If you haven’t planned for how your company or organization will respond to this year’s presidential election results, specifically what occurs once the winner is announced, you should.
This year’s vote for president is unlike any other we have seen. The specter of fraudulent election results has been raised continually over the last several four years. Last week the FBI announced that Russia and Iran obtained U.S. election data to influence voting. Early balloting numbers suggest this year may have the highest percentage of voters since 1902. No matter who wins, a large swath of your stakeholders will be disappointed, with some downright angry.
Response to election results
While the likelihood of something unprecedented occurring is unlikely, at least one corporate CEO is concerned. JP Morgan Chase’s CEO Jamie Diamon sent a memo to employees stating, “While we understand there is tremendous passion and strong opinions, the responsibility each of us has to respect the democratic process and the election outcomes is paramount.”
Like JP Morgan Chase, it behooves all companies and organizations to prepare in advance for a non-traditional post-election response. Taking a more proactive role in civic responsibility by corporations is not unprecedented. From Chipotle Mexican Grill’s “CHI-VOTE-LE” T-shirts to Nike’s ads on racism, brands are weighing in on social issues more frequently. The reason is simple. It makes good business sense.
Civic/Social responsibility is a sound business strategy
Numerous studies show consumers are making buying decisions with a company’s social responsibility initiatives in mind. In fact, research found that companies with corporate responsibility programs are more profitable than those without.
To help you with your post-election response planning, here are three tips.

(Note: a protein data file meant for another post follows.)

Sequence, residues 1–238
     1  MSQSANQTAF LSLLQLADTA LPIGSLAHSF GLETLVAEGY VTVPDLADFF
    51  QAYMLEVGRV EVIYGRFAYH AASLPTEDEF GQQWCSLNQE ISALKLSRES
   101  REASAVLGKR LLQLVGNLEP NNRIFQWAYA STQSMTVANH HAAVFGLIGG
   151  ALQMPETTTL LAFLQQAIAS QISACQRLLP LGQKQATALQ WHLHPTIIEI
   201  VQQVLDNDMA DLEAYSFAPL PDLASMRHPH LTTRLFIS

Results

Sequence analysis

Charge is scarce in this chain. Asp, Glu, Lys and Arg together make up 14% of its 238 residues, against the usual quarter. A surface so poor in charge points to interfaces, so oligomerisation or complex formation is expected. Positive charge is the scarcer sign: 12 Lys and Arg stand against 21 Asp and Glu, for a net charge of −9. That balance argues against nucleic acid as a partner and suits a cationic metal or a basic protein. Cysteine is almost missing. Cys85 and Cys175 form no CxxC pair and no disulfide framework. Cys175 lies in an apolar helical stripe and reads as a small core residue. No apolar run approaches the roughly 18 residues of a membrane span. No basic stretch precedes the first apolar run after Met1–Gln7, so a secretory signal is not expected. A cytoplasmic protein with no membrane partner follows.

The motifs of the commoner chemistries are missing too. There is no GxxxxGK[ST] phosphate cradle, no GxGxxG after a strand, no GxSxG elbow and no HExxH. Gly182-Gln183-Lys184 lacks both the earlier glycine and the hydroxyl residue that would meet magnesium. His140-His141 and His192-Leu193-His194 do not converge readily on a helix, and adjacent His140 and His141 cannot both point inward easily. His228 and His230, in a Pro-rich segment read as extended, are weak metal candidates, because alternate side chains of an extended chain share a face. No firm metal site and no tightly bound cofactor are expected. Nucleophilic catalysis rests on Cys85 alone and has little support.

Guidelines for employees
While COVID limits the amount of in-person interactions among your employees, they are still communicating with one another. It is important to walk a fine line between allowing the freedom to express oneself while keeping differences of opinion from impacting the workplace. Remind employees through your internal communication channels that their response to the election results may negatively impact future relationships with colleagues.
For election results, I recommend having three standby statements ready. The first is in response to some type of civil unrest. The second addresses a discrepancy in the vote tally or a prolonged period between the end of the election and the announced results. The last is a generic statement that you can release no matter the circumstance. The goal of a standby statement is to have language written and approved in advance so when the need arises to issue comments, you can do so quickly. Once it is out, you have time to write something more substantive.
Process to listen
Leadership requires listening, especially when it comes to civic responsibility and social justice. When you go out with a statement, expect a small group of individuals to disagree. You also will have many who are pleased. You need way for both groups to share their thoughts and feelings with you. Not only will this help with understanding what they are thinking and feeling, but it also demonstrates empathy. While brands say they care, very few show it.
About The Gotfried Group
The Gotfried Group helps companies, nonprofits, and governments increase awareness, manage their reputations, and solidify relationships with customers and stakeholders. What makes us unique is our use of behavioral science. For you, our client, this means better results, faster.